In J.D. Salinger's The Catcher in the Rye, a young man named Holden Caulfield goes through many misadventures during a three day stay in New York. Holden acts like a careless teenager but the reader gets the feeling that he cared once and wishes that he could again. He has what is almost an obsession with death and is constantly dwelling on the death of his brother Allie, who died of leukemia. He carries Allie’s baseball mitt with him wherever he goes. He was obviously very disturbed by Allie’s death as he broke all the windows in his garage with his bare fist with such force that his hand is still messed up. His feelings toward people and relationships tend to lean toward the negative side. He usually expects the worst, part of that seems to be issues he has from the loss of his brother Allie. One of the words he uses often throughout the novel is phony. He values honesty and sincerity, and can’t stand people who try to make themselves look better in the eyes of others. He flunks out of every school that his parents send him to including Pency, his current school. He seems to be fairly intelligent and the reader gets a sense that his problems in school are the result of lack of motivation. He isolates himself from those around him and seems to be afraid of change; always assuming it will be for the worst. He seems to have a great deal of love and respect for his sister Phoebe and his dead brother Allie. Holden is a very complex character and is difficult to understand.
Holden as the Typical Teenager of Today
Holden Caulfield, portrayed in the J.D. Salinger novel Catcher in the Rye as an adolescent struggling to find his own identity, possesses many characteristics that easily link him to the typical teenager living today. The fact that the book was written many years ago clearly exemplifies the timeless nature of this work. Holden's actions are those that any teenager can clearly relate with. The desire for independence, the sexually related encounters, and the questioning of ones religion are issues that almost all teens have had or will have to deal with in their adolescent years. The novel and its main character's experiences can easily be related to and will forever link Holden with every member of society, because everyone in the world was or will be a teen sometime in their life.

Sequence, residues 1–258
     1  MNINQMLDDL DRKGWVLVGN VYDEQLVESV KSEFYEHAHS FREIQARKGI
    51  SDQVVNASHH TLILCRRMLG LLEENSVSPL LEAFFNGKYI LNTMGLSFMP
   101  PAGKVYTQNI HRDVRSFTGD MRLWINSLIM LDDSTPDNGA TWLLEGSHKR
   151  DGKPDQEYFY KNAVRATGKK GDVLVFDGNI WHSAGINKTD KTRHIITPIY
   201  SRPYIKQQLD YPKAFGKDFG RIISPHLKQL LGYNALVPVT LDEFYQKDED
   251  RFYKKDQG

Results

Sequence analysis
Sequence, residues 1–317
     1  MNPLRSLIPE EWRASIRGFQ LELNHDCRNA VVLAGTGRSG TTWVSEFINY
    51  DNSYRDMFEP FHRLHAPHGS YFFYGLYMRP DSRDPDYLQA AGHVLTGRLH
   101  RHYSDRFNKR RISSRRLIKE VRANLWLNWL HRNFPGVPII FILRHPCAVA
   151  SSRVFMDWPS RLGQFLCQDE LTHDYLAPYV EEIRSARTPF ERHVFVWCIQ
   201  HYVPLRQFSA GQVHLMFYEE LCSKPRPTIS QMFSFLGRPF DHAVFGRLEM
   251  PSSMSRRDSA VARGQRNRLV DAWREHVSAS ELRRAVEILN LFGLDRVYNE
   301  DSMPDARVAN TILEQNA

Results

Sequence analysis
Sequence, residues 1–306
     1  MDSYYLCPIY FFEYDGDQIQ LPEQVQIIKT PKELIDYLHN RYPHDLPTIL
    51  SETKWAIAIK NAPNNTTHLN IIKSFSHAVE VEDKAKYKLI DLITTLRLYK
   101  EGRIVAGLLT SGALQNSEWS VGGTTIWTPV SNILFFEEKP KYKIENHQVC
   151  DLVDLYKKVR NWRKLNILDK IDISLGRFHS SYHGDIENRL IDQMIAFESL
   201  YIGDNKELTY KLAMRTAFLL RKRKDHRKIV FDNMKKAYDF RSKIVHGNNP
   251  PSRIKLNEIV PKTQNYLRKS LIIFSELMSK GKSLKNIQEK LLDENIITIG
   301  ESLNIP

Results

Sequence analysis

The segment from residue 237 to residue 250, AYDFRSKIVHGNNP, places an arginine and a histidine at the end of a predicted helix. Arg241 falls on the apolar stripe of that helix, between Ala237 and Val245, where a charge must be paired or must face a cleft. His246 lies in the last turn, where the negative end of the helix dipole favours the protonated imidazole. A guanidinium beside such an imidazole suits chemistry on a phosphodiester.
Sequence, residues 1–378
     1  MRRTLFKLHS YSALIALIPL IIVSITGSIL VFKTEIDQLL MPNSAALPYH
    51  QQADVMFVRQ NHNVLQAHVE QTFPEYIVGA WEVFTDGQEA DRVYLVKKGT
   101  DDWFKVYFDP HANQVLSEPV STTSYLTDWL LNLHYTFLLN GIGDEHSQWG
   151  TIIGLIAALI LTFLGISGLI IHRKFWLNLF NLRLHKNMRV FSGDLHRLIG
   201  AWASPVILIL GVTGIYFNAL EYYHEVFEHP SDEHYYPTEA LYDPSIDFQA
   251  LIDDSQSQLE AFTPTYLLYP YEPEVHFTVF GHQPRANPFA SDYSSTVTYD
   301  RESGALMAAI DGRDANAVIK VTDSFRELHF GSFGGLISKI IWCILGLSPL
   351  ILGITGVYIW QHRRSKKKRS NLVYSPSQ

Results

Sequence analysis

Relationships with Holden in The Catcher in the Rye
‘The Catcher in the Rye’ is written from a first person narrative to
be able to convey to the reader Holdens thoughts and feelings and this
makes his character seem more believable. Holden describes what he
himself sees and experiences, providing his own commentary on the
events and people he describes. It takes the form of, perhaps, a
session with a psychoanalyst or a one sided conversation with the
reader during which Holdens attitudes to other people emerges. We
learn that he finds it very difficult to maintain relationships with
people and I will be examining Holden’s relationship with adults and
with his sister and how they differ.